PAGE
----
You might want to rethink those paper records.
The behavioral EHR is not just the future, but where things are today. Perhaps more than any other medical profession, those of us in the mental health field have been reluctant to step fully into the Digital Age. Even though most of us have a smart phone, laptop or desktop – maybe even a tablet, we pride ourselves on keeping our clients’ notes, perhaps even the bulk of our clients’ records, in hand-written format. At the very most, we might use software like Word or QuickBooks. “It’s safer,” we explain. “Keeping records in the Cloud is impersonal and exposes the data to hackers and who-only-knows-what-else.”
The Behavioral EHR
One colleague explained it to me this way, “When I write a note on the web, it’s ‘out there’ somewhere that I don’t understand. When I write a paper note, it’s ‘in here’” – and she clutched a piece of paper to her heart. I got that 100%. I do feel that as a profession we tend to have more personal, protective feelings toward our clients than any other medical profession. We generally see our clients regularly and they often share very personal details of their lives with us. That’s very different from those in other medical professions who might see a patient two or three times a year and focus primarily on physical symptoms.
However, our patients may not share our mindset. I was quite surprised recently when a neighbor mentioned that she’s so used to her doctors using electronic records that if she went to a mental health professional that did not, she would see them as a bit antiquated and wonder if their treatment methods were up to date. Even if we hold our hand-written notes and record keeping as sacred, the clients we serve may not.
Setting personal preference aside, there are some additional factors to consider:
If you maintain your own client records, you’re 100% responsible for meeting all HIPAA requirements. On the other hand, if you’re using a HIPAA-compliant EHR (Electronic Health Record), that company is responsible for most of the security compliance issues, i.e., they do it for you. Those are issues you no longer need to worry about.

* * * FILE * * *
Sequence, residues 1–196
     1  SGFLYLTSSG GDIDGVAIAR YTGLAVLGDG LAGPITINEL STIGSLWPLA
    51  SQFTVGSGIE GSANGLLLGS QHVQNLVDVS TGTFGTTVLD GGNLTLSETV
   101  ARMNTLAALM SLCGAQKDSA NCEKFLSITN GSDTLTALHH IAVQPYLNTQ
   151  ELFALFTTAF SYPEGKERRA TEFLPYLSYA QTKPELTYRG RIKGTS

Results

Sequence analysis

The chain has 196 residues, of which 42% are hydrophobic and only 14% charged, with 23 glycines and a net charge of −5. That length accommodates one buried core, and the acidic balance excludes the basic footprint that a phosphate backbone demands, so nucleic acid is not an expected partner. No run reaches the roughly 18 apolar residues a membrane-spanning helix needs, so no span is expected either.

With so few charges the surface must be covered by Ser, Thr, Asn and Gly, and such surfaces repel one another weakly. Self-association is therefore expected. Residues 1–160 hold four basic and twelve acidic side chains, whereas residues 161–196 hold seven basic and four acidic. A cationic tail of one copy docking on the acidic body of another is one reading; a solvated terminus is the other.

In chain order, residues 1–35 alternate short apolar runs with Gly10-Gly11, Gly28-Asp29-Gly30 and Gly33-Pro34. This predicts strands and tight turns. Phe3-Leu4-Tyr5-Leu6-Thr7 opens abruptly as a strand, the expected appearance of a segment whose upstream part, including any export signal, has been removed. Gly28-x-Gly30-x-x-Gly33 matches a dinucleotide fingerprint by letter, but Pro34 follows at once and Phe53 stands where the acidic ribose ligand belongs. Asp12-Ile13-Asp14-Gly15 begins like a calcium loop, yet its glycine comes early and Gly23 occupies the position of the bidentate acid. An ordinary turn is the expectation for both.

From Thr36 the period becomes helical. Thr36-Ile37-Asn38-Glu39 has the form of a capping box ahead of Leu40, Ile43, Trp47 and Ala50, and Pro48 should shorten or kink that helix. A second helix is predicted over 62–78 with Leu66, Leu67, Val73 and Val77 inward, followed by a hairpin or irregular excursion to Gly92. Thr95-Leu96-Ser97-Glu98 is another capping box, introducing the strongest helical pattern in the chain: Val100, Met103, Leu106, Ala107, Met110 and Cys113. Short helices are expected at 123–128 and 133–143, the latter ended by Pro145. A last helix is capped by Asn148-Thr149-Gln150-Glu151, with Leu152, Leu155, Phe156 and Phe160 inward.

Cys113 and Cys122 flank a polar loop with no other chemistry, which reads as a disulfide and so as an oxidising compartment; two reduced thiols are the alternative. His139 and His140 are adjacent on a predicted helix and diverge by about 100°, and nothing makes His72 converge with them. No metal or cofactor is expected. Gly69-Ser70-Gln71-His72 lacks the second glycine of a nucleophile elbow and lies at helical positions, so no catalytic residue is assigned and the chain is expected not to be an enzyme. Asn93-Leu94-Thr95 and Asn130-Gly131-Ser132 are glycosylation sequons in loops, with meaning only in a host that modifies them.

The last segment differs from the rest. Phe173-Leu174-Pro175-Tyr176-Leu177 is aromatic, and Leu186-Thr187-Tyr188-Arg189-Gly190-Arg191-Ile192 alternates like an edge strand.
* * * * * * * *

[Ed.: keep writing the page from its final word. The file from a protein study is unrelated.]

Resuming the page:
Making backups of paper records can be a pain, whether you’re using paper backups or digital. Paper backups are costly in terms of both time and supplies. Also, with paper backups, you’ve effectively doubled your storage needs. Storage issues are less of a problem with digital backups (CDs, thumb drives, portable hard drives, etc.), but digital media degrade after a few years, which means you’ll need to redo your backups from time to time. In contrast, a good EHR company routinely backs up their data. Again, this is another issue that is pretty much taken care of for you.
Over the years, the amount of paper generated by a typical therapist’s office can become daunting. Retrieval of older information can be an issue if you have to sort through boxes of old files to find what you need. Furthermore, Hurricane Katrina taught us that disasters like floods, tornados, fires, etc., can wipe out an entire set of paper records in just a few minutes.
None of these issues exist on the web. With most web-based EHRs, you can typically retrieve even the oldest records with just a few clicks. Servers are routinely replaced and/or maintained as needed. Additionally, most companies keep several backups in more than one geographical location to mitigate against any type of local disaster.
Surprisingly, data stored on the web with a reputable, HIPAA-compliant company is actually safer than what you can provide yourself. We tend to worry about data on the web being hacked. While it’s true that nothing can ever be 100% safe, whether it’s in your office OR on the web, around 75% of healthcare data breaches are from theft or loss of either paper records or laptops. In other words, 75% of the problem has nothing to do with the web. As you can see from the table below, only 2% of reported breaches are from hackers or other types of IT incidents: